Could THC Candies Make Their Way Into Your Child's Halloween Haul?

Unless your sketchy neighbors are filthy stinking rich, probably not.

Remember when a policeman came to your elementary school to teach everyone about the dangers of the real world, where unscrupulous ne'er-do-wells lurked in the shadows, patiently waiting for innocent children to cross their path so they could force the kiddos to smoke marijuana? And do you remember how disappointed you were when you got to high school and couldn't find a single damn person giving away this alleged free marijuana? I do. And trust me, I looked.

As far as I can tell, it seems that most people don't like giving away free marijuana because it's expensive, and they'd rather smoke it themselves. Besides, as far as "drugs" go, marijuana isn't physically addictive, so if you're a drug dealer hoping to lure children into your sordid web of sin, unless you're throwing in some Taco Bell and Miles Davis records with that free weed, you're not going to get any repeat business. But you know what is addictive? Sugar. And that's why if you want to foster the next generation of stoners, this right here is the move:

"BEWARE," read a September 28 tweet from Jaclyn Lee of Philadelphia's Action News. "As Halloween gets closer, @BensalemPolice are warning parents to LOOK at your child's candy before they eat it. They confiscated these snacks that look a lot like the real thing. All are laced with THC." The photos feature several THC copycat novelty products in bags designed to look just like their name-brand counterparts: Cheetos, Nerds, SweeTarts, and more.

LOOK at that candy! I know adults who would be hard pressed to tell the difference between above-board candies and these THC-infused doppelgängers, which is why major candy companies have begun suing the pants off edibles manufacturers that dabble in copyright infringement.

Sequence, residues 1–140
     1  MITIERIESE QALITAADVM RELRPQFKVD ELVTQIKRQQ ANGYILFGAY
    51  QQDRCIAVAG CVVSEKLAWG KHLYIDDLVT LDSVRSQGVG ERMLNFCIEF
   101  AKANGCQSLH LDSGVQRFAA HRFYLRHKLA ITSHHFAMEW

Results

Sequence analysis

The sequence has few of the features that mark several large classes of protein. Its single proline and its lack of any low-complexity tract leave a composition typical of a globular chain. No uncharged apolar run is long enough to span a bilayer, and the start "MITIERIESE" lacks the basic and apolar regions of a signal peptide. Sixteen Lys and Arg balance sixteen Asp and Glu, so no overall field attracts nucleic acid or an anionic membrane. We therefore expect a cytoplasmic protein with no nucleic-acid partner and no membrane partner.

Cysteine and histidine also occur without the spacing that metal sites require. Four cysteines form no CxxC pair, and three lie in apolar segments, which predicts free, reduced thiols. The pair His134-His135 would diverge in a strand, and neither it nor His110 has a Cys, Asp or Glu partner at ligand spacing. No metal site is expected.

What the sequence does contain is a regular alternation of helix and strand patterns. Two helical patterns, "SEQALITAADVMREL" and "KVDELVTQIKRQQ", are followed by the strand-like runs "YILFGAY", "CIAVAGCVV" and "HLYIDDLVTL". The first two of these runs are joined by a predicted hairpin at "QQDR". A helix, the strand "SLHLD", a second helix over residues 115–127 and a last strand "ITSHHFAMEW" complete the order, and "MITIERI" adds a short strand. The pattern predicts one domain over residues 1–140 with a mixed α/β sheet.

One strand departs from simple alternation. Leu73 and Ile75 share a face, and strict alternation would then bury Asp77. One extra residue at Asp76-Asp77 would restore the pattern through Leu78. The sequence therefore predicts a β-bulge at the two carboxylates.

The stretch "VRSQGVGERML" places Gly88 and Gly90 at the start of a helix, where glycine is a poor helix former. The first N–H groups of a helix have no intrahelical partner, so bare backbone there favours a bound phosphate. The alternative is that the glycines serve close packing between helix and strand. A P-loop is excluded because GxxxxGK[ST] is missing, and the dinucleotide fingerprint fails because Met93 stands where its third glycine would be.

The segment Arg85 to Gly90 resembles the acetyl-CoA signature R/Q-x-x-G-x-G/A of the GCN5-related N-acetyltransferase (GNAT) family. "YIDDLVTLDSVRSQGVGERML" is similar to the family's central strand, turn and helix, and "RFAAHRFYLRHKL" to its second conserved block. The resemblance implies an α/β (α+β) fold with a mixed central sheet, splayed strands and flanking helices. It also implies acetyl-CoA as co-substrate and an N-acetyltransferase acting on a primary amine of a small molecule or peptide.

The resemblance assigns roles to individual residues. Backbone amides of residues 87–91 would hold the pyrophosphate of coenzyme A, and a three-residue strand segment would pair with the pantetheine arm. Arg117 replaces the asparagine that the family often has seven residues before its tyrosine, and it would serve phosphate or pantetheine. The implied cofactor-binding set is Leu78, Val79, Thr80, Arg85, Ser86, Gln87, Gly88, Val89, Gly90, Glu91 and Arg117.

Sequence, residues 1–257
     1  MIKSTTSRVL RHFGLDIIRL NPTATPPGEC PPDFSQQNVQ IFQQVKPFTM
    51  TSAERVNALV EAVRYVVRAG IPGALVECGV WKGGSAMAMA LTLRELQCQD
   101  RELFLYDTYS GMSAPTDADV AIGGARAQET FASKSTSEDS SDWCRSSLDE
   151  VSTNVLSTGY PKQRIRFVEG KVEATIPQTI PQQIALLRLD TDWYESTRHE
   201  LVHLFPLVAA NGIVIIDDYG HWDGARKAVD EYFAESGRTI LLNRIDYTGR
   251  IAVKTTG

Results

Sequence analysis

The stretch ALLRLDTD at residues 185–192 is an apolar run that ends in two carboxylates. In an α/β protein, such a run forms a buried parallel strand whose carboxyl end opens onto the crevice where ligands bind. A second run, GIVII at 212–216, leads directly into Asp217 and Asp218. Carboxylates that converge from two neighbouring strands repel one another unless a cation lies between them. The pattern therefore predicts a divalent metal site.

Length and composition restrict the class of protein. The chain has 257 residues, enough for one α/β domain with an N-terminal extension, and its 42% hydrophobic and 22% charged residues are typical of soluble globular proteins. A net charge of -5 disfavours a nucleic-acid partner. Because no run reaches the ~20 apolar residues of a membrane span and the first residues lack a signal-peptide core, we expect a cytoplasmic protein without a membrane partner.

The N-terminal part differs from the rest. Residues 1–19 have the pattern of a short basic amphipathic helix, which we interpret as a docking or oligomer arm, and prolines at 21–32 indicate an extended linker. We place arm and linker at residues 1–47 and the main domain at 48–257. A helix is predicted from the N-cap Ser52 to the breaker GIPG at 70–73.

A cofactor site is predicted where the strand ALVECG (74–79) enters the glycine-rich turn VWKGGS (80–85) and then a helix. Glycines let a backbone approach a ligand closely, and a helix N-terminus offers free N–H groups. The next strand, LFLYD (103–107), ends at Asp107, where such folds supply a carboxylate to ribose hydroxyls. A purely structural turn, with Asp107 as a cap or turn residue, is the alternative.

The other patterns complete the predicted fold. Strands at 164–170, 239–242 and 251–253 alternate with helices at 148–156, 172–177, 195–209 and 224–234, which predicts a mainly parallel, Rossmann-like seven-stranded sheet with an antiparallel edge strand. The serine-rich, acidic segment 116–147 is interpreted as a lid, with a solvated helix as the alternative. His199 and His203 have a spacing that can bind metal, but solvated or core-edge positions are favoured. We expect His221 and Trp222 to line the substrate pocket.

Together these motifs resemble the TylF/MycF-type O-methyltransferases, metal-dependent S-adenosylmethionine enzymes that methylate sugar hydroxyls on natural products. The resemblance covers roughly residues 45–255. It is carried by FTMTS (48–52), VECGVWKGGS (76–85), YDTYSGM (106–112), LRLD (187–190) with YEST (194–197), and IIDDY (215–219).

However, there probably isn't any actual cause for concern. In the tweet, there's no actual indication that these candies were confiscated after being given to trick-or-treaters, or with any plan to distribute them to trick-or-treaters; they were likely just confiscated from adults who planned to use them as adults, because in Philadelphia, where the story originates, recreational THC edibles are still very much illegal. Twitter users cried foul on the claim in a number of other ways, too.

Besides, where I live in Maryland, those candies run between $30-50. According to United States Census, Bensalem's population hovers around 60,ooo, and about 14,400 of those people are under the age of 18. If 40% of those kids go trick-or-treating this year, a competent local marijuana syndicate would need to hand out about $230,000 worth of free drugs if there's any hope of indoctrinating Bensalem's youth into a sick, debased lifestyle of potato chips, nature documentaries, and jazz. The children simply aren't worth that.

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